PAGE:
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Runner Is Model of Heart-attack Comeback

May 23, 2008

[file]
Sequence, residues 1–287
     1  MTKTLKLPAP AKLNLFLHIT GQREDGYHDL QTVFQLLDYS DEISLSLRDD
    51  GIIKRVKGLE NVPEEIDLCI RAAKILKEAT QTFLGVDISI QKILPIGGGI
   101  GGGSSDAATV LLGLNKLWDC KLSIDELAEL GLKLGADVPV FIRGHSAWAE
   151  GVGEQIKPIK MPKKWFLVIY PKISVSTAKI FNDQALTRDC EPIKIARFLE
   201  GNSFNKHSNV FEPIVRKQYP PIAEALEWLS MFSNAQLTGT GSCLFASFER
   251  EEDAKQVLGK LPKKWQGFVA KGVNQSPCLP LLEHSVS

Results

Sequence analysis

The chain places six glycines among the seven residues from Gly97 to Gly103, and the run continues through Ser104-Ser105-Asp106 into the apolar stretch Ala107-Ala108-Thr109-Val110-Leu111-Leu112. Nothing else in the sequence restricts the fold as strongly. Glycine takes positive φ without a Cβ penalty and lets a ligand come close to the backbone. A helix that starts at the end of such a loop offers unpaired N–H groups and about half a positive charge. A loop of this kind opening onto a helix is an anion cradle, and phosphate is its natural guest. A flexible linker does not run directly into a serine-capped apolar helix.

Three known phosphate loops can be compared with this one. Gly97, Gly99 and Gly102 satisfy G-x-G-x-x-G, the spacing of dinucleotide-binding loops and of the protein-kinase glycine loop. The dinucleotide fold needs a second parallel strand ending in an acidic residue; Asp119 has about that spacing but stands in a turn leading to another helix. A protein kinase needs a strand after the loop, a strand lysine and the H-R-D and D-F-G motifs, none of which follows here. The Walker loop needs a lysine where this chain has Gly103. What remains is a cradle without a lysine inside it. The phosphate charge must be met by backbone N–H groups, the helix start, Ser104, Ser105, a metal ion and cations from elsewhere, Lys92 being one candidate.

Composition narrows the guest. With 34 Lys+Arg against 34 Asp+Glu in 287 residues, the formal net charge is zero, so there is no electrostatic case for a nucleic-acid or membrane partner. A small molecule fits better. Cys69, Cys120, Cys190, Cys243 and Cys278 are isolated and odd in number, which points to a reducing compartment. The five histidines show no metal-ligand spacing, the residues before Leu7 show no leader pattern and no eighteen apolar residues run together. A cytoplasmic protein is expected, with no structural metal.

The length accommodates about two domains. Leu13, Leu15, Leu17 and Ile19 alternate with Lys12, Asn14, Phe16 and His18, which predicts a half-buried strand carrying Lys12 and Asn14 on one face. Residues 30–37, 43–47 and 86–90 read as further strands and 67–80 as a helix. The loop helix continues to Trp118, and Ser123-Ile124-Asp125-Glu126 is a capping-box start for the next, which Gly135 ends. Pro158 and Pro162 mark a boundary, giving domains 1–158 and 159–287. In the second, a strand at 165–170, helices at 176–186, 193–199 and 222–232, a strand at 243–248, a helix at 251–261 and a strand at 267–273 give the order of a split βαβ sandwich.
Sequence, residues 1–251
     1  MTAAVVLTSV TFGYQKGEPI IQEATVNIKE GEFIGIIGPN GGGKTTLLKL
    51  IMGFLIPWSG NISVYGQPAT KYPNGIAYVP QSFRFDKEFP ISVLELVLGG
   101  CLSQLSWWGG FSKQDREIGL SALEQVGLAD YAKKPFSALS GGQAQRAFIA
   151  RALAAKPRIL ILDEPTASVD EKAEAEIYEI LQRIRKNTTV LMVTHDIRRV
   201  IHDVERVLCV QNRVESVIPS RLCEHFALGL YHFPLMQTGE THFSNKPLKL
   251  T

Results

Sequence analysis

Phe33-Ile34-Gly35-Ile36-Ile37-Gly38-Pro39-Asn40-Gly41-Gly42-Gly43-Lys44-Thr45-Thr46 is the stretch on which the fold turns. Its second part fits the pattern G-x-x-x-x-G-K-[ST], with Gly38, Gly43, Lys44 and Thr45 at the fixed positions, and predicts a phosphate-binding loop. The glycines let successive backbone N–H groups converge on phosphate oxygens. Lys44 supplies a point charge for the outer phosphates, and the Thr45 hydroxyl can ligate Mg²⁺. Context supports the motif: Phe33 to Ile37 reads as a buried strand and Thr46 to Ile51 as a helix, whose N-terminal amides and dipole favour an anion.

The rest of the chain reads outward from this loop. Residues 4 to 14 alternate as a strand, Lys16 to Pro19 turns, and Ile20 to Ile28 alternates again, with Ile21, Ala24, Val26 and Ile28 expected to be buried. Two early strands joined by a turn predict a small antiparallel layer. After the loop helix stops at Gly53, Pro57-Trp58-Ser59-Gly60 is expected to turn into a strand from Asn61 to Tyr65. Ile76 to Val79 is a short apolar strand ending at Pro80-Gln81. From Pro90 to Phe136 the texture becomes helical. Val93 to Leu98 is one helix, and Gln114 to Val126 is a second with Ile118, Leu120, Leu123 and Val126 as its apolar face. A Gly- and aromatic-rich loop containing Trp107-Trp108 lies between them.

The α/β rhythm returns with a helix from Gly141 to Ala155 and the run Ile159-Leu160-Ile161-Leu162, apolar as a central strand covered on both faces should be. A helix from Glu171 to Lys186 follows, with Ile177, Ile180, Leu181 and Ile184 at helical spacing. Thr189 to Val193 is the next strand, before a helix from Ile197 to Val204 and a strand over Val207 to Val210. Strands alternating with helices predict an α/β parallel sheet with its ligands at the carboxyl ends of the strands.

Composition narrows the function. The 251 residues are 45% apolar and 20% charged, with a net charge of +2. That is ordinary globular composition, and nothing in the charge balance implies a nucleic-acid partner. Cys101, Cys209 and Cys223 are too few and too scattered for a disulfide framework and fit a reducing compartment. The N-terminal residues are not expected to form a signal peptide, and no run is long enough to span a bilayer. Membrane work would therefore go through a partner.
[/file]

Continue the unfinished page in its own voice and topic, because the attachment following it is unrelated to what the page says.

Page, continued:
Runner is a model of heart-attack comeback By Susan Glairon Longmont Times-Call Whenever Skip Patience visits Boston, he stands on the finish line of the Boston Marathon and remembers. Sometimes he stands there and cries. Just talking about running the storied marathon — which is only for runners whose times qualify — brings tears to his eyes. “It was a thrill of a lifetime,” said Patience, 70, who ran the Boston Marathon in 1994 and hopes to run marathons until he’s 80. The Longmont resident golfs three days a week and, when he’s not training for a marathon, still runs 15 to 20 miles every week. But it wasn’t always that way. For the first half of his adult life, the father of two worked 60 to 70 hours a week as a vice president of a Denver distribution company. He smoked 21/2 packs of cigarettes a day. He was 25 pounds overweight. And he hadn’t done any “meaningful exercise” since his discharge from the U.S. Air Force in 1959. Despite his unhealthy lifestyle, “I never felt sick,” he said. “I had no premonition.” One minute, he was shoveling snow in his Denver driveway after a storm dropped 22 inches; the next minute, a heart attack knocked him to his knees. He was only 46 years old. An experimental drug administered in the emergency room of Lutheran Medical Center (now Exempla Hospital in Wheat Ridge) partially dissolved blood clots in three of his coronary arteries. After stabilizing him, his physician gave him three choices: keep doing what he’d been doing, have bypass surgery or enroll in the hospital’s cardiac rehabilitation program. Patience chose the third option and met with a nurse, dietitian and physical therapist. He quit smoking, changed his diet and left his high-pressure job. Though he had many offers for well-paying positions, he chose a job that would allow him to spend more time with his family, working for motivational training company Dale Carnegie for commission and no base salary. He worked his way up, became managing director in 1991 and retired in 2001. He’s now a keynote speaker for the company. Patience started his exercise program walking a block a day and gradually increased the distance. He also spent 11/2 hours twice a week in cardiac rehabilitation, working out on the treadmill, bike and rowing machine. “It hurt like heck at first,” he said. One day while walking slowly on the treadmill, his physical therapist increased the treadmill speed without asking. “You probably could run a race,” she said. Six months after his heart attack, Patience ran and walked the Bolder Boulder in one hour and 20 minutes. One year later, in 1986, he ran the Mayor’s Race marathon in Denver. He has since run 13 more marathons, the last one two years ago. To qualify for the Boston Marathon, he needed to finish a marathon in less than three hours and 40 minutes. He was ahead of his target time in Grandma’s Marathon in Duluth, Minn. when he stopped to help a runner who had tripped and broken his foot. Because he stopped, his time was three hours and 43 minutes. He wrote Boston Marathon organizers and told them what happened; they qualified him for the race. About five years after Patience’s heart attack, Smithkline Beecham Pharmaceuticals ran a contest for Heart Patient of the Year, the cardiac patient who made the biggest lifestyle change. His physical therapist and nutritionist entered him into the contest. He won. Patience received $10,000, which he donated to the Lutheran Medical Center Foundation and to the scholarship fund for Dale Carnegie, and a trip to Washington, D.C. He also appeared on “The CBS Morning Show” with Paula Zahn and addressed the National Press Club, where he later dined with CNN talk show host Larry King. A year later, he was featured in an advertisement for Ecotrin aspirin therapy in Golf Digest and Reader’s Digest. “When you come face to face with your mortality, you start thinking about things,” Patience said. “I learned to live a better life. I learned to be a better father, a better husband and a better individual.” Susan Glairon can be contacted at 303-684-5224 or sglairon@times-call.com.